Stock markets came under heavy selling pressure after election deadlock in Italy sparked fears of more uncertainty in the eurozone.
The FTSE 100 Index was more than 1% lower, while markets in France and Germany were down by around 2% in the wake of the inconclusive poll result.
Adding to the downbeat mood were weak manufacturing figures from China and the prospect of spending cuts in the United States as politicians struggle for an agreement to trim the budget deficit this week.
The Dow Jones Industrial Average slid by 1.5% on Wall Street on Monday night, while Asian markets were down by a similar level.
The election result in Italy is expected to make it harder for the country to pass the reforms it needs to overhaul its debt-laden economy. While the centre-left coalition looks to have won control of the country's lower house they were unable to secure a majority in the Senate.
Rebecca O'Keeffe, head of investment at Interactive Investor, warned of increased volatility in the coming weeks after Italian voters served up the worst possible outcome for investors.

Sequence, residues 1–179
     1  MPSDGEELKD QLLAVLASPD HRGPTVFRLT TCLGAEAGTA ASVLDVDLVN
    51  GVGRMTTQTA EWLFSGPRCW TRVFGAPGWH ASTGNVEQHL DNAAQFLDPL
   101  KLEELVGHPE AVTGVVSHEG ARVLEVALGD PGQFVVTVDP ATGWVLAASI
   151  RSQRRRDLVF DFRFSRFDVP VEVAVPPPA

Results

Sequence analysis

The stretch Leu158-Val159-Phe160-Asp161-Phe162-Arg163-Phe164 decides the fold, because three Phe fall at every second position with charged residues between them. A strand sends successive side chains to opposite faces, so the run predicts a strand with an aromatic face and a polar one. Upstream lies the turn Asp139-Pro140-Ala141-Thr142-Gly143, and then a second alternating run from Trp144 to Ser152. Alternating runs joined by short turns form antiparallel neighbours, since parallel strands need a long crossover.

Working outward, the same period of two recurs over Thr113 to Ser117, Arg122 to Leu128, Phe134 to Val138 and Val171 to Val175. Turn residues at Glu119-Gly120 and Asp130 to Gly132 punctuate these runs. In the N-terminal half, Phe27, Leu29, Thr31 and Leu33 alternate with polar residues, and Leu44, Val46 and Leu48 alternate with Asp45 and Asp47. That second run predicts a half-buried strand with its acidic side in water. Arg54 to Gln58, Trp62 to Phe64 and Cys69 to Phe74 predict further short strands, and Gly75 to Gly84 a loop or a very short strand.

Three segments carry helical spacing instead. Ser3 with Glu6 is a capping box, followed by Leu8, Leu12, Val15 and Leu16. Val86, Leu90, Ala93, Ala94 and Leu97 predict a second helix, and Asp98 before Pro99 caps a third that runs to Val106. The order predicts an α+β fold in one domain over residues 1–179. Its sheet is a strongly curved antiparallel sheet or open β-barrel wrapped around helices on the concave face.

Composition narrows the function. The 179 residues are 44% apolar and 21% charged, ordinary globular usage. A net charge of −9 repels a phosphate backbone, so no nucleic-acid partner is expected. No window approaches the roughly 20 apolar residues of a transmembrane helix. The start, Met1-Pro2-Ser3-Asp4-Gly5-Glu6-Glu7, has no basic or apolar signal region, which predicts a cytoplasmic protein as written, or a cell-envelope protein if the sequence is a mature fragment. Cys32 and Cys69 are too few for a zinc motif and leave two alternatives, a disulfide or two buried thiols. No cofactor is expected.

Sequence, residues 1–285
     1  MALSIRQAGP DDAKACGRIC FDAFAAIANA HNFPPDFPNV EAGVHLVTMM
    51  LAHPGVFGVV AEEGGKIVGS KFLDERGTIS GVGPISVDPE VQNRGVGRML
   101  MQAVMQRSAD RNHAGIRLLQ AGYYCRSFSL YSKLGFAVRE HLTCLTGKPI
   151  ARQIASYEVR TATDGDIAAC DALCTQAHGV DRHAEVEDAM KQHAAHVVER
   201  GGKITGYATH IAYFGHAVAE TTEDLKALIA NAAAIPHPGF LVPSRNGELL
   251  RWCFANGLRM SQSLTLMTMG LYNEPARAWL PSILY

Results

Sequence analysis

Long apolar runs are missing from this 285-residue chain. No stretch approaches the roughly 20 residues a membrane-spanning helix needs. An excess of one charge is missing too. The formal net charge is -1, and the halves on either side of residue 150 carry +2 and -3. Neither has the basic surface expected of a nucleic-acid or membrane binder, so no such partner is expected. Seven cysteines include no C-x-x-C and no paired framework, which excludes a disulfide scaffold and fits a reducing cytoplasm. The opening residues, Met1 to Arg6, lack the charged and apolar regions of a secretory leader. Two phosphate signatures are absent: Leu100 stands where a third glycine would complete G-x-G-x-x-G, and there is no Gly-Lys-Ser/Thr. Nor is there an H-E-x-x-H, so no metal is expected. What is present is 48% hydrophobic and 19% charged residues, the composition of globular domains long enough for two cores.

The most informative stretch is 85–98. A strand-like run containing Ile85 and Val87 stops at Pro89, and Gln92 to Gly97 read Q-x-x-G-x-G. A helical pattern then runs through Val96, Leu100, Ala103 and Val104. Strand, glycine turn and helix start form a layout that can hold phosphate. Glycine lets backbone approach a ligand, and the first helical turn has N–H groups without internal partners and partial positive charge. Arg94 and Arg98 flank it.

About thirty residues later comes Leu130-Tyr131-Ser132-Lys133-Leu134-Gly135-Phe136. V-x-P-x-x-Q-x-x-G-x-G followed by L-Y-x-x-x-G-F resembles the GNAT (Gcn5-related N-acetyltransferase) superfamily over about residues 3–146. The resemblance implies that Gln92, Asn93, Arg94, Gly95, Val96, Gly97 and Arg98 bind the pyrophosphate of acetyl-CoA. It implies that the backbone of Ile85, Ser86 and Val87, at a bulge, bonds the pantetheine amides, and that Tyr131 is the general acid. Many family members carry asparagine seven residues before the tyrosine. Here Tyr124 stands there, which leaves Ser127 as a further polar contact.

She said: "Equity markets have reacted swiftly and severely - giving up yesterday's gains and more.
"While an attempt at a coalition government may yet be made, no overall control seems the most probable outcome, with a second vote likely in the months ahead."
The FTSE 100 Index had been trading near to its recent five-year high on Monday, despite the downgrade of Britain's AAA rating by Moody's.
Banking stocks were hardest hit by the eurozone uncertainty, with Barclays off 14p at 297.7p, Royal Bank of Scotland down 11.75p at 342.85p and Lloyds Banking Group 1.5p lower at 53.4p.